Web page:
Rio Rancho, NM â€“ January 2009â€¦ For any sound crew, outdoor music programs are tough enough, as they require extra care to avoid wind, condensation, and the unavoidable issue of something being dropped at the most inopportune timeâ€”usually when changing the setups between the opening and main acts. Now, take these ever-present conditions and multiply them by fifteen and you begin to grasp the challenges facing Ted Morgan and his crew as they ran sound for the recent Word Out Festival Battle of the Bands near Kissimmee, FL in Osceola County just south of Orlando. The wireless mics and instrument transmitters deployed on this project worked flawlessly, but the gear absorbed some rather nasty bumps. As it turned out, all is wellâ€”thanks in large part to the fact that the wireless equipment was from none other than Lectrosonics.
Part of an outreach program designed to get the areaâ€™s youth involved in positive activities, the Word Out Festival Battle of the Bands, held on Saturday, January 17th, 2009, saw fifteen bands from Florida, Georgia, and South Carolina compete for top honors. Orlando, FL-based Total Entertainment Productions was contracted to provide live sound reinforcement for the event, and to help streamline the process of rotating the fifteen competing acts in timely fashion, Lectrosonics wireless equipment was placed into service, as Ted Morgan, the firmâ€™s owner and FOH (front of house) engineer explained.
â€œTo help expedite changeovers,â€? said Morgan, â€œthe musicians simply carried their guitars and basses onto the stage and plugged into the existing amps that were supplied, while the drum sets were rotated twice during the event. We equipped the guitarists and bassists with Lectrosonics UM400a UHF beltpack transmitters with MI39ARA cables and, for the vocalists; we used Lectrosonics UT400 handheld microphone transmitters with the VMS Super Cardioid capsules. We used ten UT400â€™s and four UM400aâ€™s for the event, so we were able to prep one act while another was performing. On the receiving end, we had three Lectrosonics Venue Series receiver systemsâ€”each fully stocked with the companyâ€™s VRT modules for a total of 18 channels. Since we required only 14 channels for this event, the Venue system provided us with four backup channels for safe measure.â€?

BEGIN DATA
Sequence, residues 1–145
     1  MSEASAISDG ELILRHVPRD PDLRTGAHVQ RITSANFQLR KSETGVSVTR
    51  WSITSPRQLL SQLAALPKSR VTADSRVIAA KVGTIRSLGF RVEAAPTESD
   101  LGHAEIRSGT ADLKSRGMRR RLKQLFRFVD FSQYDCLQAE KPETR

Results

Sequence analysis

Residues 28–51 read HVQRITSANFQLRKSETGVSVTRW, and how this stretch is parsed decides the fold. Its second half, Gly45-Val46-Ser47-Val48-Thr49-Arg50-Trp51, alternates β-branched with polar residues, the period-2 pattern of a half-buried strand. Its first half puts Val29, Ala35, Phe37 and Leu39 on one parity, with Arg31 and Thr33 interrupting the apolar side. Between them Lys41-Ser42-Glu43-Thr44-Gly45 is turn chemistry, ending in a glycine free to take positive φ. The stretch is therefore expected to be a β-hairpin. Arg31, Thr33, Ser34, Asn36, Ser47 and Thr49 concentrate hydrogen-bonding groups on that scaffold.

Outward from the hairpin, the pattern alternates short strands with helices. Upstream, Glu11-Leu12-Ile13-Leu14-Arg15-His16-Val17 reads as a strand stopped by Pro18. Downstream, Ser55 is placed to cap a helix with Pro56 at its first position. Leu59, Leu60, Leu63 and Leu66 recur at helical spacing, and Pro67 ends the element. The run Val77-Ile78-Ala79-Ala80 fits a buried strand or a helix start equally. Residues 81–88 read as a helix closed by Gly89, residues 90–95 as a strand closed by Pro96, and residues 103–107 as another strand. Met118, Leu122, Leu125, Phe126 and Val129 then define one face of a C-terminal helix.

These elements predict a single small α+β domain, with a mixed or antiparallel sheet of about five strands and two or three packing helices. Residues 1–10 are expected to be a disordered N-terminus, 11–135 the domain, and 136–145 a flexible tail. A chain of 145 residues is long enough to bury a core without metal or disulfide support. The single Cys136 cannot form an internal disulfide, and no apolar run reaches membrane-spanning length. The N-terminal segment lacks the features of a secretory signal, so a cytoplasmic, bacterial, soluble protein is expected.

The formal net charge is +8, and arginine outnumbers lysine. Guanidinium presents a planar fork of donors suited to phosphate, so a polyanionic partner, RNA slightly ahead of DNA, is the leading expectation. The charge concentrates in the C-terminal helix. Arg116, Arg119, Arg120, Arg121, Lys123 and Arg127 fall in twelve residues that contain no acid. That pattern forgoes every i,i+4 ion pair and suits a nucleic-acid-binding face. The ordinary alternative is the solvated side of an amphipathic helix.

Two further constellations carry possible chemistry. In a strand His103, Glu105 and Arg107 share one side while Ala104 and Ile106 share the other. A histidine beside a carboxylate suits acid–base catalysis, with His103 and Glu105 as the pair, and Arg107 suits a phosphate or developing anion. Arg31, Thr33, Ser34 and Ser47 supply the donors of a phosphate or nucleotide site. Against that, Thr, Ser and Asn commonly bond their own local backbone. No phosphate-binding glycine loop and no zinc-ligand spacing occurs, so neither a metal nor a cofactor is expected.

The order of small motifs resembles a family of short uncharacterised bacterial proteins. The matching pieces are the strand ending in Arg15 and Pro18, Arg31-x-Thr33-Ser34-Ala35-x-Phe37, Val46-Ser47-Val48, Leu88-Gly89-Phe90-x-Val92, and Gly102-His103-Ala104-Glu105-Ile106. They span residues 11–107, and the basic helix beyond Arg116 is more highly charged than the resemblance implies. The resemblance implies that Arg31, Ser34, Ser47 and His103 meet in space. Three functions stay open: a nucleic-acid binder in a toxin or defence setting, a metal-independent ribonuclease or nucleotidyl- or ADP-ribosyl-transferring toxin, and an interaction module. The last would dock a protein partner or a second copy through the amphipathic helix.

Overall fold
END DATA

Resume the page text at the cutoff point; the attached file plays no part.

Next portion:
When queried about his selection of Lectrosonics wireless technology for the Word Out Festival Battle of the Bands, Morgan was quick to point out the advantages of Lectrosonicsâ€™ Digital Hybrid WirelessÂ® technology. â€œThe Lectrosonics equipment has the most natural, musical sound quality Iâ€™ve ever encountered in wireless equipment,â€? notes Morgan. â€œEqually important, the gear is really easy to set up when it comes to locating open frequencies. With a single press of a button, the SmartTuneâ„¢ feature finds an open frequency. During setup, we had all fourteen channels set up and ready in a matter of less than fifteen minutes. Some of my crew is a bit inexperienced when it comes to wireless mics, so the ease of use that the Lectrosonics gear provides went a long way.â€?
Morgan was particularly enthusiastic about Lectrosonicsâ€™ build quality. â€œLectrosonics gear is built like a tank,â€? said Morgan, â€œand we really benefitted from that quality on this project. At one point, the lead vocalist for Naked Snake did a stage dive into the frenzied crowd. He ended up losing his UT400 and we were unable to retrieve it until about four songs later, so when he got back on stage, we handed him a backup unit. At the end of the set, we were able to retrieve the mic, which had been buried in the dirt. We took it back on stage, cleaned it up with Windex and paper towels and placed it back into service on the next set. When he dropped the mic, we assumed it was a lost cause. We were all shocked to discover that it still worked perfectly.â€?
â€œAnd this wasnâ€™t the only such incident,â€? continued Morgan. â€œA vocalist for another band climbed the truss during his performance and dropped the mic onto the stage from roughly fifteen feet up. When he came down off the truss, he picked up the mic and continued using it. Other than a minor cosmetic ding, it kept working as if nothing happened.â€?
Looking back on the Word Out Festival Battle of the Bands, Morgan offered this closing thought. â€œThanks in large part to the Lectrosonics gear, this gig went really well. Lectrosonics builds wonderful equipment that sounds great, is easy to use, and is built to take abuse. I really wasnâ€™t certain how it would hold up under the conditions we had for this event, but it performed flawlessly.â€?
About Lectrosonics Digital Hybrid Wireless Technology
Lectrosonicsâ€™ Digital Hybrid Wireless technology uses a proprietary algorithm to encode 24-bit digital audio information with no compression and low distortion into an analog format that can be transmitted in a robust manner over an analog FM wireless link. The result is much higher dynamic rangeâ€”free from sonic artifactsâ€” than wireless systems using a compandor are able to offer. Digital Hybrid Wireless technology delivers long operating range, graceful signal decay, and a small spectral footprint, facilitating more channels to be operated simultaneously.
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Well respected within the film, broadcast, and theater technical communities since 1971, Lectrosonics wireless microphone systems and audio processing products are used daily in mission-critical applications by audio engineers familiar with the company's dedication to quality, customer service, and innovation. Lectrosonics is a US manufacturer based in Rio Rancho, New Mexico.